What is an herbal "tonic?"

Turns out it is not that easy to define. Generally, it is thought of as a preparation that is more like food in composition and acts generally and slowly to build up some tissue or organ, rather than having a sharp medicinal activity that changes functions within the organism. The whole herb is used, not the “active constituents.” English-speaking herbalists originally used the word "tonic" to describe astringents, because they give "tone" to tissues. Today, however, the word is more commonly used to describe a remedy that can be safely given to most people at relatively large doses to maintain or improve health. This can include bitter, iron, blood, qi, yin, and yang tonics, as well as tonics for specific systems - brain, immune, spleen, liver, kidneys, and heart. Many of these come to us from traditional Chinese medicine; Taoist medicine is largely a tonic-based approach based on building up the “precious substances” of the body.  We will discuss the difference between tonics and adaptogens and touch on questions of pharmacology, which are not prominent in this category. We will explore several such remedies, including Rehmannia and Astragalus (sweet tonics), Gotu kola (brain tonic) and, for contrast, Gentian (bitter tonic) and how they help the body navigate stress.

Seán Pádraig O'Donoghue is an herbalist specializing in mental, emotional, and spiritual health and an initiated priest in two traditions. He has taught both phytochemistry and herbal energetics to herbalists, nutritionists, and acupuncturists. He is joined by renowned herbalist and author Matthew Wood, who has played a central role in the revival and development of Traditional Western Herbalism. Learn more about Seán and our amazing MWIH faculty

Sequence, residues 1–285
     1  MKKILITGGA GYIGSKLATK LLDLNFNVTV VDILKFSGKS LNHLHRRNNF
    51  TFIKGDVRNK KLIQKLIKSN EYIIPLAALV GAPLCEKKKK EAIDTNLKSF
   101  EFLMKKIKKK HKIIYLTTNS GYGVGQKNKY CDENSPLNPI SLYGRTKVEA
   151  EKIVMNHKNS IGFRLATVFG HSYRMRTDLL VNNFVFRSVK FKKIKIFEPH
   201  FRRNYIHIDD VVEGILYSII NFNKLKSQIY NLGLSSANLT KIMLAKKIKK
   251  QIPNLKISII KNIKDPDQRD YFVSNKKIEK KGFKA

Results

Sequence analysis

• Support Materials

    2 pages of manuscripts (not downloadable) from Matthew are available to view and a downloadable handout from Seán.

  • 1 year access to materials and Q&A

    1 year to view and review content, ask questions and discuss with fellow students and teachers.

  • 2.5 hours of teaching

    2.5 hours of in-depth teaching with Matthew Wood and Seán Pádraig O'Donoghue.

Course curriculum

    1. Welcome Message

    1. About Non-Downloadable Documents

    2. Definitions of “Tonic” by Matthew Wood (2 pages, not downloadable)

    3. Tonics - Handout by Sean

    4. Herbal Tonics - Webinar Chat Text

    5. Herbal Tonics - Video

    6. Herbal Tonics - Audio

    1. Tests and Certificates

    2. Herbal Tonics Test

    1. Please share your thoughts

About this course

  • $48.00
  • 10 lessons
  • 4.5 hours of video content



Documents are not downloadable. Please note that Matthew often adds manuscripts of upcoming books and is allowing students early access to these works-in-progress; therefore, they are available as 'view-only' documents and are not downloadable.

Single class purchase

1-year access to this class

The Library Bundle

Access to this class and many more.
(Full list can be found on The Library page.)

Start at any time! Complete the lessons at your own pace.

Certificates designed and signed by Matthew Wood are available for purchase to those who successfully complete all tests with a passing grade of 70% or better. More details regarding herbal course certificates are here.

Tests are multiple-choice, and multiple attempts are permitted.

If you are tracking hours, see the list of all classes/courses with corresponding accreditation hours.

5 star rating

Herbal Tonics

Frank Denno

A wonderful course that manages to highlight a much needed aspect of herbal pharmacology. Well laid out, and quite informative!

A wonderful course that manages to highlight a much needed aspect of herbal pharmacology. Well laid out, and quite informative!

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5 star rating

Great Short Class

Lisa Ayer

Lots of information packed in a short class

Lots of information packed in a short class

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5 star rating


edward coughlin

great class

great class

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